King of the Monsters
Gigantis the Fire Monster

Godzillasaurus (unirradiated form)
Super Godzilla (as seen in Super Godzilla)
Burning Godzilla (as seen in Godzilla vs. Destoroyah)

Height: 50[1]-120[2] meters
Weight: 20,000[3] -60,000[4] tons
Showa - Sapient
Heisei - Semi-Sapient
Millennium - Varies By Movie.

Godzilla's Abilities:
Atomic breath
Nuclear Pulse
Enhanced regeneration
Spiral Fire Ray
Magnetic manipulation (Godzilla vs. Mechagodzilla only)
Flight (Godzilla vs. Hedorah only)

Origins of Godzilla:
Bikini Atoll
Bering Sea (Heisei series)

Enemies of Godzilla:
King Ghidorah
Monster X
Giant Condor

Godzilla vs. Ghidorah the Three Headed Monster from Outer Space

Allies of Godzilla:
King Caesar
Jet Jaguar
Zone Fighter

Godzilla's Relationships:
Minilla (Adoptive son in Showa & Millennium series)
Godzilla Junior (Adoptive son in Heisei series)
Biollante & SpaceGodzilla (Clones in Heisei series)
Orga (Clone in Millennium series)
Mechagodzilla (Robotic Replica) Godzooky (Nephew)

Godzilla's First appearance:

Godzilla Created by:
Tomoyuki Tanaka
Ishiro Honda
Eiji Tsuburaya

Portrayed by:
Showa series -
Haruo Nakajima
Katsumi Tezuka
Shinji Takagi
Isao Zushi
Toru Kawai

Heisei series -
Kenpachiro Satsuma

Millennium series -
Tsutomu Kitagawa
Mizuho Yoshida

Video Games inspired by Godzilla:

1983: Godzilla by Codewords for the Commodore 64.
1984: Godzilla vs. 3 Major Monsters by Bandai for the MSX.
Japan only.
1985: Godzilla by Bandai for the MSX. Japan only.
1986: The Movie Monster Game by Epyx for the Apple II and
Commodore 64.
1986: Monster's Fair by Toho for the MSX.
1988: Godzilla - Monster of Monsters! By Toho for the Nintendo
Entertainment System.
1990: Godzilla by Toho for the Game Boy.
1992: Godzilla 2: War of the Monsters by Toho for the Nintendo
Entertainment System.
1993: Kaijuu-Oh Godzilla by Bandai for the Game Boy. Japan only.
1993: Super Godzilla by Toho for the Super Nintendo
Entertainment System.
1993: Godzilla: Battle Legends by Toho for the Turbo Duo.
1994: Godzilla by Toho for the Turbo CD. Japan only.
1994: Godzilla: Kaijuu Daikessen by Toho for the Super Famicom. Japan

Godzilla and Kiryu in the Wii version of Godzilla Unleashed.1995:
Godzilla by Sega for the Game Gear. Japan only.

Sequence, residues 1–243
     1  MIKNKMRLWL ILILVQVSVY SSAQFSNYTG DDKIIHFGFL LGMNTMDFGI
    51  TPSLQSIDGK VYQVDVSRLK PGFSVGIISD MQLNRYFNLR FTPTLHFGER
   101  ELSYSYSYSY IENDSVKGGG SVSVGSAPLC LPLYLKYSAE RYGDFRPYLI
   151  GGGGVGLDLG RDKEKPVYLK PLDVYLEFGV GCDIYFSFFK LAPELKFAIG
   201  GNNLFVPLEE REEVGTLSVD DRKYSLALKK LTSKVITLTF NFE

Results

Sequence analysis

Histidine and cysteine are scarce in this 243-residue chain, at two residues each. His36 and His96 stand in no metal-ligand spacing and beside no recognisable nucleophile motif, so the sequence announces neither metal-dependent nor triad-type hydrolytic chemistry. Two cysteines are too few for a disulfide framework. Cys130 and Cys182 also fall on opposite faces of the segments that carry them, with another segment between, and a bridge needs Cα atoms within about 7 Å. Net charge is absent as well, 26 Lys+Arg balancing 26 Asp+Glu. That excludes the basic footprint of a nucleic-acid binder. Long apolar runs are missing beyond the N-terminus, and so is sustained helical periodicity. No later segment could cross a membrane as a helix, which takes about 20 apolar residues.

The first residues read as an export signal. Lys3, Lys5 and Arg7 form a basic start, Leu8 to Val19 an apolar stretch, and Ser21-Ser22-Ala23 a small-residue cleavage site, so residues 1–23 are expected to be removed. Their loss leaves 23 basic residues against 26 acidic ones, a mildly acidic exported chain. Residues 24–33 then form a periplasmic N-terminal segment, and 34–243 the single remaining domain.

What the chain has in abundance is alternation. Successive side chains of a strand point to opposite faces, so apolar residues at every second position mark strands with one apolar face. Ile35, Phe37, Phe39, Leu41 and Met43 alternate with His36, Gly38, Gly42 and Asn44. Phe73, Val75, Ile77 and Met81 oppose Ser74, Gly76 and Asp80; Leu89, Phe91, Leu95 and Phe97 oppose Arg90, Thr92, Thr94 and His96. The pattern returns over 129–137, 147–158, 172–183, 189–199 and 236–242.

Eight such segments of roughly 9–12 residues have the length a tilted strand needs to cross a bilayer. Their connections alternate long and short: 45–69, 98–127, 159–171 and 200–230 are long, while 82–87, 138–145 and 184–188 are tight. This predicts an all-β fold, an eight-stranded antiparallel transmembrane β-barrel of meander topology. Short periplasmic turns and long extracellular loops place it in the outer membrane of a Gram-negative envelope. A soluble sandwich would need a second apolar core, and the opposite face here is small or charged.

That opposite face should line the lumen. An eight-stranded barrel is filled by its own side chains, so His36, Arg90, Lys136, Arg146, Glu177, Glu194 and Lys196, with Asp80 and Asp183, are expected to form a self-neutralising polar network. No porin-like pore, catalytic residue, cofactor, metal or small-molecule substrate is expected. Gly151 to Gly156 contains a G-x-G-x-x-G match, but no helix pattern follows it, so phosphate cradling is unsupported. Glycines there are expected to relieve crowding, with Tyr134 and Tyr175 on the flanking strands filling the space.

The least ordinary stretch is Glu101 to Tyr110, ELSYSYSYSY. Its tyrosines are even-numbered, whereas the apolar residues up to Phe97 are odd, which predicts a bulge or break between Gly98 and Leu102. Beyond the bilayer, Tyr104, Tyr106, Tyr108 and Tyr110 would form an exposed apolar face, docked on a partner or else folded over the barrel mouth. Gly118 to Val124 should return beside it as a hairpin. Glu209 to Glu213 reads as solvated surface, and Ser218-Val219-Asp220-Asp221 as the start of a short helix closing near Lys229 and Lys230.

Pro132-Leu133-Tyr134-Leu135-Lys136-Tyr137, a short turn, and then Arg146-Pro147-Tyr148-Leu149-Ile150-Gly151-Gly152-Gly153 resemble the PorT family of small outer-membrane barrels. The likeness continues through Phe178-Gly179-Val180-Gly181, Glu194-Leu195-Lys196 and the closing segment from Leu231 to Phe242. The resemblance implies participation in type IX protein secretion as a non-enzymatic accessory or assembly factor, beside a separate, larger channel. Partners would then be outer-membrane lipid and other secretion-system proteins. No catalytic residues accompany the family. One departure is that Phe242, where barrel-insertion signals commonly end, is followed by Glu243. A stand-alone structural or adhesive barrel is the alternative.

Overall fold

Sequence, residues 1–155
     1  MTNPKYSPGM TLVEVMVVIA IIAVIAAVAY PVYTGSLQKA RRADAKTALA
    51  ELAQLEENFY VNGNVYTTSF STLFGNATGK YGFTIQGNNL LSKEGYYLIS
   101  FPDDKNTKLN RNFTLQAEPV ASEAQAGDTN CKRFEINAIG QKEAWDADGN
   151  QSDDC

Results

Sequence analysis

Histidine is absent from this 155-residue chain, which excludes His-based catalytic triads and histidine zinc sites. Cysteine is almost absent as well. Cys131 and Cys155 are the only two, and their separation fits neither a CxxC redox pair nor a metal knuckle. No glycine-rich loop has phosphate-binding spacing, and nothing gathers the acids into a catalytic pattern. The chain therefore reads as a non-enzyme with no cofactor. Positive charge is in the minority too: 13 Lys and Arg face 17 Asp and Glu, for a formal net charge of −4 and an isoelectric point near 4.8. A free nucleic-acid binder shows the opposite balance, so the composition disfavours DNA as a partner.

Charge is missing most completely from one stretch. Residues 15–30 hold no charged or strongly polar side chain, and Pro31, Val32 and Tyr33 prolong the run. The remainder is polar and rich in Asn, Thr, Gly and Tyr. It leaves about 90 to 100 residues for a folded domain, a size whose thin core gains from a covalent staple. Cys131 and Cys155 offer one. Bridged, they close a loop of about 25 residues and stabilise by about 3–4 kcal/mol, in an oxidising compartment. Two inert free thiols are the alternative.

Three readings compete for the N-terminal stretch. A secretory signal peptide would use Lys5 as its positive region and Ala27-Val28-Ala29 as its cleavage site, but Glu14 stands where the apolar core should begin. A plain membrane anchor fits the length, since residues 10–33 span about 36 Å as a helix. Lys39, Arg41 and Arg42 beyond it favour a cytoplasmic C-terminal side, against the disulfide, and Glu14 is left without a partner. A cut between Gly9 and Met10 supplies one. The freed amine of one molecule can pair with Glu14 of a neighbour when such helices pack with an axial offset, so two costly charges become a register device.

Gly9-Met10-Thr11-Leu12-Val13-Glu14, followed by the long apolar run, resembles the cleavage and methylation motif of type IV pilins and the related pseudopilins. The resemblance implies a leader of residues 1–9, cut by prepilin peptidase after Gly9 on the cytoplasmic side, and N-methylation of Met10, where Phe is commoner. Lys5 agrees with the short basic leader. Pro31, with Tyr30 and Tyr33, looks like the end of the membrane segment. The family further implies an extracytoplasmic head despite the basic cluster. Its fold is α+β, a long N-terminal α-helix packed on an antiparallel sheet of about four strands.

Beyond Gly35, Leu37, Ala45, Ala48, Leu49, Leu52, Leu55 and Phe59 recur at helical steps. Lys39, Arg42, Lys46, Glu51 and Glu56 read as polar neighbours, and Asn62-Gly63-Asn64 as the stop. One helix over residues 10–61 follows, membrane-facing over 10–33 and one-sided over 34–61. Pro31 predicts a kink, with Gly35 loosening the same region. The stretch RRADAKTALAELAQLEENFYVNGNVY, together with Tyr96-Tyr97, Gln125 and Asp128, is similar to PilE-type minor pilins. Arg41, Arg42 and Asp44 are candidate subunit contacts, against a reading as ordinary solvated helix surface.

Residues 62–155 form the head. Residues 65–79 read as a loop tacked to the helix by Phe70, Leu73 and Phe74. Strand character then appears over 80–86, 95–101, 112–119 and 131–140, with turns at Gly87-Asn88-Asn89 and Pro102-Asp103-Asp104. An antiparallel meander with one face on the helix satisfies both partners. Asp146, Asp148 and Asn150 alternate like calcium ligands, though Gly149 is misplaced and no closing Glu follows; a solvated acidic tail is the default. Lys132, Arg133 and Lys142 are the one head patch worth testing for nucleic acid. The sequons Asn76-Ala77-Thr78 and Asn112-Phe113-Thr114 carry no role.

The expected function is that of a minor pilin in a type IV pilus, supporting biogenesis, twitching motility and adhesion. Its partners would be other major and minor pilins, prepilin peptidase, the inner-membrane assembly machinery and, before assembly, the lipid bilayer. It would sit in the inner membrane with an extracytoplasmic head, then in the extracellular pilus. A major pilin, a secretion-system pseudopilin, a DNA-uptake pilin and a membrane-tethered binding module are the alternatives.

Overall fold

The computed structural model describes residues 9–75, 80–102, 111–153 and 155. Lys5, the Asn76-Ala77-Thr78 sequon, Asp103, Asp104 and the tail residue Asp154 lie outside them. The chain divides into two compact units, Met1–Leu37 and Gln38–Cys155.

1995: Godzilla by Sega for the Sega Saturn. Japan only.
1998: Godzilla Generations by Sega for the Dreamcast. Japan only.
1998: Godzilla Trading Battle by Toho for the PlayStation. Japan only.
1999: Godzilla: The Series by Crave for the Game Boy.
1999: Godzilla Generations - Maximum Impact by Sega for the
Dreamcast. Japan only.

2000: Godzilla: The Series - Monster Wars by Crave for the Game
Boy Color.
2002: Godzilla: Domination! By Atari for the Game Boy Advance.
2002: Godzilla: Destroy All Monsters Melee by Atari for the
GameCube and Xbox.
2004: Godzilla: Save the Earth by Atari for the Xbox and PlayStation 2.
2007: Godzilla: Unleashed by Atari for the Wii, Playstation 2, and
PlayStation Portable.
2007: Godzilla: Unleashed Double Smash by Atari for the Nintendo DS.

Godzilla has even been portrayed in some comic books since
his inception. There isn't an aspect of media that hasn't
portrayed Godzilla in some fashion. You can find the King of
Monsters everywhere. It is this kind of injection into
society that truly makes Godzilla the most famous lizard and
possibly the most famous monster of all time.

Godzilla even had a song written about him, here are the
lyrics to Godzilla by Blue Oyster Cult.

by Blue Oyster Cult

With a purposeful grimace and a terrible sound
He pulls the spitting high tension wires down

Helpless people on a subway train
Scream bug-eyed as he looks in on them

He picks up a bus and he throws it back down
As he wades through the buildings toward the center of town

Oh no, they say he's got to go
Go go godzilla, yeah
Oh no, there goes tokyo
Go go godzilla, yeah

Rinji news o moshiagemasu!
Rinji news o moshiagemasu!
Godzilla ga ginza hoomen e mukatte imasu!
Daishkyu hinan shite kudasai!
Daishkyu hinan shite kudasai!

Oh no, they say he's got to go
Go go godzilla, yeah
Oh no, there goes tokyo
Go go godzilla, yeah

History shows again and again
How nature points up the folly of men